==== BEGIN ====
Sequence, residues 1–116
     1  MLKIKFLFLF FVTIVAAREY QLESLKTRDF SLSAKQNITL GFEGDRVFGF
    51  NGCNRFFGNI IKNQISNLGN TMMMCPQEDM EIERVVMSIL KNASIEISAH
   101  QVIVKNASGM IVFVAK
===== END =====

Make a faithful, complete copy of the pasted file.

Sequence, residues 1–116
     1  MLKIKFLFLF FVTIVAAREY QLESLKTRDF SLSAKQNITL GFEGDRVFGF
    51  NGCNRFFGNI IKNQISNLGN TMMMCPQEDM EIERVVMSIL KNASIEISAH
   101  QVIVKNASGM IVFVAK